Brendan Van Hek

Brendan Van Hek: Salvaging Light

Brendan Van Hek’s reference to domestic space doesn’t mean he’s abandoned the cityscapes that prompted his earliest work with salvaged neon.

Words: Ingrid Periz

Photography: Maja Baska

Perth-born Brendan Van Hek’s work ranges from large-scale installations using neon, mirrors, glass and assorted found objects to works on paper and prints. “Interdisciplinary,” is how he describes it and in this mix, light is key. Critic John Barrett-Lennard has called Van Hek’s light works “not just windows to be looked through, but images to be entered into,” while Andrew Frost noted his use of reflected light “takes these stunning sculptures to another realm.” Van Hek, who is now based in Sydney, recalls Perth’s particular atmospherics. “I distinctly remember the starkness of the light and it’s something people who visit comment on. I always think of Perth being bleached out by that light and it’s… shaped the culture and the way the city has come together and continues to develop.” When Van Hek uses neon it can evoke landscape, as in the Horizon series where two fields of differently coloured neon strips abut each other, as well as the built environment of nocturnal city spaces. Liking the medium for its malleability, Van Hek loops and suspends it in works he’s called “neon drawings” as well as in sculptural configurations with other materials. Along with the scavenged furniture and house fittings that featured in his earliest works, objects that in his words “have a history and carry in them clues of the past,” neon has its own historical references to the cityscape of the 20th century in all its advertising promise and film noirish threat. Using scavenged as well as purpose-made neon Van Hek exploits the medium’s association with signage in enigmatic ideograms like Colour Composition No. 1 (2011), arced ribbons of colour affixed to wooden bases in the continual condition-three shades of white (2016), and directional phrases like The path to luck (2011).

Perth is sometimes called the most isolated city in the world and three residencies which took Van Hek away from his birthplace have proved hugely influential. In 2007, after six years of solid exhibition history in Western Australia, Van Hek spent three months in Sydney at Artspace’s Gunnery. He found Sydney offered better international connections and more possibilities than Perth and it was here that he first used neon in lead heart, a text piece. This was a shift in medium he remembers as “an organic transition from the light bulbs and fluorescent tubes” used in previous work. He adds, “My main attraction to neon was its association to the city, whether it be nostalgic or speaking about the future.”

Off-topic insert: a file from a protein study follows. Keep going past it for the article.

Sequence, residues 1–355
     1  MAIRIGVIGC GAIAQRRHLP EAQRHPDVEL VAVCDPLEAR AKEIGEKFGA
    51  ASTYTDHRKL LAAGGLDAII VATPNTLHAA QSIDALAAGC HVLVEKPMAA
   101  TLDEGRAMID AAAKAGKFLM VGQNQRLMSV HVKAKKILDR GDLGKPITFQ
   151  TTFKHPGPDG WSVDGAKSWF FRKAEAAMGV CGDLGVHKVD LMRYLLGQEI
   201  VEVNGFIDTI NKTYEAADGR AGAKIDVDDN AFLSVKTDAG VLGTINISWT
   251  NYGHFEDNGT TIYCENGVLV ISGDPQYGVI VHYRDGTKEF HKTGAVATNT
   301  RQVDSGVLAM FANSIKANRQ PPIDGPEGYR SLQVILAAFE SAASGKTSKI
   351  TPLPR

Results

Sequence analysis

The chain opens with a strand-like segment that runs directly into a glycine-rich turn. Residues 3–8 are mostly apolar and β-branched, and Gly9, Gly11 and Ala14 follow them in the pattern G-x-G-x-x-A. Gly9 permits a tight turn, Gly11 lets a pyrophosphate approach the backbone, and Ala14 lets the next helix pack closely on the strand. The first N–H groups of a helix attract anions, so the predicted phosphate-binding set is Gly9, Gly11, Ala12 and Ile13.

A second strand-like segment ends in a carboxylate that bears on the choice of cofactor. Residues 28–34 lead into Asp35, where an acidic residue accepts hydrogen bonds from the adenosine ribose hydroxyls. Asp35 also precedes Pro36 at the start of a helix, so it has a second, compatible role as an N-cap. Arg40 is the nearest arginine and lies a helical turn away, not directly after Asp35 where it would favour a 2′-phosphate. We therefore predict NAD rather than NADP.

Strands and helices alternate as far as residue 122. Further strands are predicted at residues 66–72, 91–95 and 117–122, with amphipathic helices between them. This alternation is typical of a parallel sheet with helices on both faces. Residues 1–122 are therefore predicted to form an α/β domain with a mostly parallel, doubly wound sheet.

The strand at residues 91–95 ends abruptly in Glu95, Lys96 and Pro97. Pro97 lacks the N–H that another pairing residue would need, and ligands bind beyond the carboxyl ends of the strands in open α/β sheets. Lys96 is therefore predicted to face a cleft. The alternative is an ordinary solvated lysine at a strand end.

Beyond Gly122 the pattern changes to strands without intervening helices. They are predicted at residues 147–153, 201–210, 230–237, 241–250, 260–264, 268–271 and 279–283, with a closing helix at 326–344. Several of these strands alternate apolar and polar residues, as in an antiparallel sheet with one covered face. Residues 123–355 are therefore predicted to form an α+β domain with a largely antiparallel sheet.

Western Australia continued to be supportive. In 2009 Van Hek won the City of Joondalup Invitation Art Award and in 2011, the Art Gallery of Western Australia Stringer Award. That same year the Perth Institute of Contemporary Arts hosted his solo exhibition A Certain Slant of Light. One year later a residency at New York’s International Studio & Curatorial Program proved galvanizing. “It had an enormous impact on my work, a lot of ideas I was considering before I left Australia became possible. The attitude in New York that anything can happen had a huge impression on me.” A subsequent New York visit where he spent time examining works by neon pioneer Dan Flavin and minimalist sculptor Donald Judd was similarly fruitful, the work aligning with Van Hek’s recent combination of neon and furniture-like wooden forms.

Last year a residency closer to home, at the Canberra Glassworks, allowed him to work with British master neon-maker Richard Wheater and develop a serious interest in what he calls “the glass side of things.” Over a 10-month period working with the Glassworks, Van Hek has been producing hand-blown glass forms. Still in development, these forms will be part of his forthcoming exhibition at Sarah Cottier Gallery in Sydney. Also on view will be further work in the Horizon series and his most current combinations of neon, metal and glass forms, and what he calls “furniture-like supports.” These “have no function, as furniture might have, instead they suggest how things might come together in a domestic space, how at times disparate elements might find a way to cohabit.”